All-Time NFL Scoring Leader Speaks of Need for Fatima

Kicker John Carney of Notre Dame highlights courage and hope in new movie about Marian apparitions in Portugal.

The message of Fatima is important to the Carneys.
The message of Fatima is important to the Carneys. (photo: Courtesy of Carney Coaching / CC)

John Carney capped off a great kicking career at Notre Dame in 1986 with a game-winning field goal against the University of Southern California (USC). His future looked bright, but things turned dim when he was not taken in the 1987 NFL Draft.

Carney could have given up, but decided to rededicate himself to kicking. All the physical and mental work paid off, as he went on to become a two-time Pro-Bowler, Super Bowl champion, and, when his career ended in 2010, the NFL’s No. 3 all-time scoring leader.

There are parallels, Carney believes, between his playing career and how the visions of Fatima can be heeded. The parallels have come to the forefront as the movie, Fatima, was released on Aug. 28. John and his wife, Holly, are executive producers at Origin Entertainment, a company that partnered in the production of the movie. Fatima was made in the hope, not simply of catching an audience’s attention, but of transforming their souls.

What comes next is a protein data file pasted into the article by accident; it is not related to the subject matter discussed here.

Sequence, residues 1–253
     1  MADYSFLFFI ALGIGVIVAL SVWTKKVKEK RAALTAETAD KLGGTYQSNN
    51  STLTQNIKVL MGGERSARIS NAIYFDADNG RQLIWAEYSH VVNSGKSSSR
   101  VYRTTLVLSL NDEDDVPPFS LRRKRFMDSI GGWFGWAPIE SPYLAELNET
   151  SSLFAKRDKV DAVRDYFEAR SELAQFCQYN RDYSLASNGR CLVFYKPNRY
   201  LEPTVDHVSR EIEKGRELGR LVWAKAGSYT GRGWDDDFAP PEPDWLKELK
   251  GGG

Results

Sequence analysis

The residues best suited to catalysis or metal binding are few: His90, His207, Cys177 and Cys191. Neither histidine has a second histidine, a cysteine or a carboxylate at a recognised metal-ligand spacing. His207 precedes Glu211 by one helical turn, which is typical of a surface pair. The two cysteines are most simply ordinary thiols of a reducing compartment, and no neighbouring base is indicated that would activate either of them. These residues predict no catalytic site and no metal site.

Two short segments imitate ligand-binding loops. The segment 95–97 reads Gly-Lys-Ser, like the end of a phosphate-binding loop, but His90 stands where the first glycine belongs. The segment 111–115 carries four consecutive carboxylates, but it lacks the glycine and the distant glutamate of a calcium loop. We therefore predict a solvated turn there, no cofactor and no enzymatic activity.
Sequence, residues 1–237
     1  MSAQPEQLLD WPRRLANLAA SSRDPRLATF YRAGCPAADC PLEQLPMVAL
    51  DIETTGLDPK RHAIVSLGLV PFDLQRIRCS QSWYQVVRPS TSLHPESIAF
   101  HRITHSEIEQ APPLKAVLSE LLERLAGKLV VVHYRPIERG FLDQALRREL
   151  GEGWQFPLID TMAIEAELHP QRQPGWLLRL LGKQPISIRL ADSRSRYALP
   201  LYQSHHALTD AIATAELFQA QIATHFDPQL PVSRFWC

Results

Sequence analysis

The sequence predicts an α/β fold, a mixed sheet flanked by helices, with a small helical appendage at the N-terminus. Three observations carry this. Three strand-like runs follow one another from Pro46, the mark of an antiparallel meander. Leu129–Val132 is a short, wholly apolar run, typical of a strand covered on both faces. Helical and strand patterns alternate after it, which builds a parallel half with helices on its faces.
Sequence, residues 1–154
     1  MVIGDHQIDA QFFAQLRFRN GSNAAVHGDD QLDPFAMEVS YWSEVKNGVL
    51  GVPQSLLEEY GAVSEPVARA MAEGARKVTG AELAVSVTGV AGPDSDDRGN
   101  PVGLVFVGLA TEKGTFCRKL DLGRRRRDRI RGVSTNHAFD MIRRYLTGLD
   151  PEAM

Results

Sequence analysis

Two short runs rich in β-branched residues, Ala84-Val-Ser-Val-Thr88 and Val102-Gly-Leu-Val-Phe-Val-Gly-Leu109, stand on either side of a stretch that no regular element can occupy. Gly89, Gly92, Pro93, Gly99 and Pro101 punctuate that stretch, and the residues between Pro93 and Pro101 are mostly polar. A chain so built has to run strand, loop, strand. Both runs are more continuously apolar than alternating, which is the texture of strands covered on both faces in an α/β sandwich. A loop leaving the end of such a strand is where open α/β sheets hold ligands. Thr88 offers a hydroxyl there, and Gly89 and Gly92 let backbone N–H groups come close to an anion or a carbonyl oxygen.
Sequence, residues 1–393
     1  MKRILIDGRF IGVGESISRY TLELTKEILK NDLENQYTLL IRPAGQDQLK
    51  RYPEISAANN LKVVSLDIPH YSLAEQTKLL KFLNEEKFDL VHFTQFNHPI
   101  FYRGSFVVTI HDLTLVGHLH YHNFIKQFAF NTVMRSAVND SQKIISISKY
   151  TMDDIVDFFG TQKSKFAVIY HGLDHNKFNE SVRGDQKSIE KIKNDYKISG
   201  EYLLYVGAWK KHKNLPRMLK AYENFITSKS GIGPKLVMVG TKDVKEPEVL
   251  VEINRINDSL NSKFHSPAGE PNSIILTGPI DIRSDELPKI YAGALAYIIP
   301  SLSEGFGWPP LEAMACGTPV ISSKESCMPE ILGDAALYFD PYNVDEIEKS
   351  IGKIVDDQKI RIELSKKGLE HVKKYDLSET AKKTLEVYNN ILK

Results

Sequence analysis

The record-setting Carney sees the answer to all mankind’s ills encapsulated in the simple and stark revelations of Fatima. He explained his belief, in this interview, that the more the revelations are heeded, the more peace, hope and love will prevail.


Of all the sports to play, how did you get into football?

Soccer was my sport in grade school, but football was very big at Cardinal Newman High School in West Palm Beach, Florida. It was a rite of passage for boys to play for Coach Sam Budnyk, who won many games over four decades of coaching.